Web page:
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Scotland set to develop mobility hubs

CoMoUK is working with the Scottish Government on guidelines for mobility hubs

Mark Moran
08 March 2021
Mobility hubs: common components (CoMoUK)
Mobility hubs: common components (CoMoUK)

 

Mobility hubs create space designed specifically to house public and shared mobility modes and improve the public realm for local residents and businesses as well as travellers. Mobility hubs bring together public transport stops for buses, trams and trains with bike share schemes, car clubs, e-scooters, electric vehicle charging points, bike racks and shared taxi rides.

Hubs can also provide community facilities such as cafés, fitness areas, green space, package collection points and Wi-Fi and phone charging – all with covered waiting areas, real-time journey planning information, walking areas and disabled access. Mobility hubs contribute to the goal of ‘20-minute neighbourhoods’ which enable people to live, learn, and meet their needs within a short walk of their home.

Mobility hubs have appeared in many European and North American cities, and could soon be seen in Scotland. The hub concept has been championed by transport charity Collaborative Mobility UK (CoMoUK), which is now working with the Scottish Government to develop guidance and a framework as part of a strategic transport projects review.

CoMoUK believes the Scottish project could build on the trend sparked by the coronavirus pandemic for people staying and working more locally, reducing the need to travel unsustainably and re-energising towns to help local businesses recover. The charity says mobility hubs in Germany and Austria are already helping revitalise city centres.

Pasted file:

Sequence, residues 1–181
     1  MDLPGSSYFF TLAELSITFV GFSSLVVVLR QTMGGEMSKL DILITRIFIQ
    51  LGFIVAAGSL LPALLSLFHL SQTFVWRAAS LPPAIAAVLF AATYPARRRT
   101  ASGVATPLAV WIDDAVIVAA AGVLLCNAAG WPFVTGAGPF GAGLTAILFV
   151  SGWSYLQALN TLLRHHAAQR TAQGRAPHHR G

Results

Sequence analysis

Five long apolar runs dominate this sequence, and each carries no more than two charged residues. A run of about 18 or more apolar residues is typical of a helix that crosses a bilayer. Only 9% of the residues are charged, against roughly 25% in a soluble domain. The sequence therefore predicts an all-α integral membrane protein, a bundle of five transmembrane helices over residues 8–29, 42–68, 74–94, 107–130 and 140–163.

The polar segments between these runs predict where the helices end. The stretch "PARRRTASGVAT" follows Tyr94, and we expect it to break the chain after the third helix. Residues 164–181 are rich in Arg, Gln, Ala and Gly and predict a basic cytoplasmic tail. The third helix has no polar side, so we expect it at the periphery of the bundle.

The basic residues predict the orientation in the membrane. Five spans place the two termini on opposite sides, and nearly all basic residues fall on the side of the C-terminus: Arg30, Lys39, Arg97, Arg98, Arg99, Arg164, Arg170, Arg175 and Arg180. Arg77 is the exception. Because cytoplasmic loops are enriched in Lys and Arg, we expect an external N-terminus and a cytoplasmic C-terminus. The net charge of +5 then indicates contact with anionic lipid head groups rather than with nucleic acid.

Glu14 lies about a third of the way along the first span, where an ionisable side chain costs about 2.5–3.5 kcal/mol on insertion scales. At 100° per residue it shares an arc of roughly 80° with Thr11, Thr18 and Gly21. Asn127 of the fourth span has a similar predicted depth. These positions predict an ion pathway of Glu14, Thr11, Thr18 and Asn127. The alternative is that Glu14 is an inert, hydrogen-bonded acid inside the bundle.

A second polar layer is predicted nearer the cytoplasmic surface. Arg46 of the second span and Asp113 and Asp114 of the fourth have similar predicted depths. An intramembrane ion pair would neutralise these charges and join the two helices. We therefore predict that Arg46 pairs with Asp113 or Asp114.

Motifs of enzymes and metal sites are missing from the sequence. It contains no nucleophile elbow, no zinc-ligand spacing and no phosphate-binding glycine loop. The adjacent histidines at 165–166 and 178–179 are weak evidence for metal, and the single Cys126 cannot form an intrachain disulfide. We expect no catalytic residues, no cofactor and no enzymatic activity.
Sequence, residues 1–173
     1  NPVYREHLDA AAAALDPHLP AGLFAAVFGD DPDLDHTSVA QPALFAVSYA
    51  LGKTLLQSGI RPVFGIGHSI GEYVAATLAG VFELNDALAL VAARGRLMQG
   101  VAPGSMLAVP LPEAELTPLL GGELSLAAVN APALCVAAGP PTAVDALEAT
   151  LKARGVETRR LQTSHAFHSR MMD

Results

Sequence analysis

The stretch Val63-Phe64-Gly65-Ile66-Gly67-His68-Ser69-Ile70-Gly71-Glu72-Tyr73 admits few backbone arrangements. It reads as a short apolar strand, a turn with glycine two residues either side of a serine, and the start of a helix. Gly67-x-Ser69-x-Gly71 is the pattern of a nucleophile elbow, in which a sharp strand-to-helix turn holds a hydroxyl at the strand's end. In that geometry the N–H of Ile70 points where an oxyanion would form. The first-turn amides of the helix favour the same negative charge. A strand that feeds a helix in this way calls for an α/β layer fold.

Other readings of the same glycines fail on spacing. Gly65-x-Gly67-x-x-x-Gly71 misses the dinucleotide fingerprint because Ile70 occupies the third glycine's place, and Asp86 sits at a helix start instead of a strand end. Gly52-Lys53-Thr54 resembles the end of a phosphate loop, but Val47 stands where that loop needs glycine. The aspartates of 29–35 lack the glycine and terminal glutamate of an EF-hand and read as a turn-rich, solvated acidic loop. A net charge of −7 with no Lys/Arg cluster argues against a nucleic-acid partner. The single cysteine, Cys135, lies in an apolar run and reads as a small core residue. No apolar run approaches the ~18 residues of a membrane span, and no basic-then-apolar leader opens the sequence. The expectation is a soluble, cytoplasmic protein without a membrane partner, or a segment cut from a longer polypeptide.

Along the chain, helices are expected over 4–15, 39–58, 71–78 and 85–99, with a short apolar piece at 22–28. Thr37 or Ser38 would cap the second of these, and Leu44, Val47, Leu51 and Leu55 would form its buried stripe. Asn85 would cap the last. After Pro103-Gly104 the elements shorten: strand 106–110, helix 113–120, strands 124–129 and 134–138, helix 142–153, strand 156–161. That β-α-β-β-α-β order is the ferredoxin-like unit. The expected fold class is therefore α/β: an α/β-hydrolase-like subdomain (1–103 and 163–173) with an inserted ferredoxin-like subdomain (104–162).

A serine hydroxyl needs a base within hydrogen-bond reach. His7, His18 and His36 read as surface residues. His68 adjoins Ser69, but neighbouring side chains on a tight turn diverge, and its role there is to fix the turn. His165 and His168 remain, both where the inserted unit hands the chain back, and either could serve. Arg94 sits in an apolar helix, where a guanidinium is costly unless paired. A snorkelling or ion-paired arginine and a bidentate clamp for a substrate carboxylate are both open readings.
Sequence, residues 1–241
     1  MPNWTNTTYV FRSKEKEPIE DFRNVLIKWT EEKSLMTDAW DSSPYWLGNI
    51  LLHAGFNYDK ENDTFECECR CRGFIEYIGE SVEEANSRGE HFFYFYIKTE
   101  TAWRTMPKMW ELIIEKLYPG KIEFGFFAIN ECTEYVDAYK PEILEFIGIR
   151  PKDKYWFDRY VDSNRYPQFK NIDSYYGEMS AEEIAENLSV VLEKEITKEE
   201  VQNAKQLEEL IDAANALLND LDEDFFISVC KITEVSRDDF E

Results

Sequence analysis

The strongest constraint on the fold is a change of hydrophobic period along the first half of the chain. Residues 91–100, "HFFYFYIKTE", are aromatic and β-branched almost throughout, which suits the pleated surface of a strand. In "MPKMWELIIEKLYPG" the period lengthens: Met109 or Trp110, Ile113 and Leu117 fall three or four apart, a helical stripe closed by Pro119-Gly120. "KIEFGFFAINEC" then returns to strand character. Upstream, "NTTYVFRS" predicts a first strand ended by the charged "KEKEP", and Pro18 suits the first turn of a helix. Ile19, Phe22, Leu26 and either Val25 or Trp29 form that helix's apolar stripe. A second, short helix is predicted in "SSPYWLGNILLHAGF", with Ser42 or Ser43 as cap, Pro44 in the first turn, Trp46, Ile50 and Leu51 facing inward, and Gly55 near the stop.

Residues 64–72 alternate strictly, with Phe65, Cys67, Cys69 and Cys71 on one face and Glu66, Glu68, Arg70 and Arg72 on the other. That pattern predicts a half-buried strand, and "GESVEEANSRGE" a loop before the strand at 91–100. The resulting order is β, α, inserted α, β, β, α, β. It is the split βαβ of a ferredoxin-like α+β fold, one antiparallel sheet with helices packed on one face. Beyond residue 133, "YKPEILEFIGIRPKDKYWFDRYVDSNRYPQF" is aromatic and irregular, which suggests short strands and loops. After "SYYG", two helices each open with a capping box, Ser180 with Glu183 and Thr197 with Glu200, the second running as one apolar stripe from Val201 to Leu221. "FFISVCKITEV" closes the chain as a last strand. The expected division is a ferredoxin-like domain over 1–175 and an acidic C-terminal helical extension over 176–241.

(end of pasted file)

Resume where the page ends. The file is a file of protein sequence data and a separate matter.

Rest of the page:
Lorna Finlayson, Scotland director of CoMoUK, said: “There have never been so many pressing reasons why we need to rethink how we move and allocate street space to travel – from addressing air quality problems; decarbonisation of the transport sector; supporting the active travel agenda; decongesting and revitalising city centres, and helping local businesses. The coronavirus pandemic has changed the way we move around, and it’s vital that as we recover we properly manage space for public transport and shared mobility modes as an alternative to private cars.

“Public transport is the original shared mode, however, the lines between public and shared transport are blurring – there are many new shared modes from bike share schemes to car clubs which are changing behaviour and user needs. We look forward to working with the Scottish Government to introduce mobility hubs here and learn from our European neighbours on how to transform the way we get around our cities.”

A shared vision for Scotland
A strategic review of commissioned by Transport Scotland has identified a key role for mobility hubs. Transport Scotland is the national transport agency for Scotland, and is responsible for delivering the Scottish Government’s vision for transport. In 2019, Transport Scotland commenced the second Strategic Transport Projects Review (STPR2), a project to help inform transport investment in Scotland for the next 20 years. STPR2 will help to deliver the vision, priorities and outcomes for transport set out in the National Transport Strategy (NTS2) and align with other national plans such as the National Planning Framework (NPF4) and the Climate Change Plan.

A STPR2 project update written by consultants Jacobs and Aecom, states that one of the major barriers to public transport uptake historically has been connectivity and lack of convenient end-to-end travel options. They also suggest that there is a strong possibility that the COVID-19 pandemic would result in a change in travel patterns through increased home-working, resulting in greater reliance on local facilities.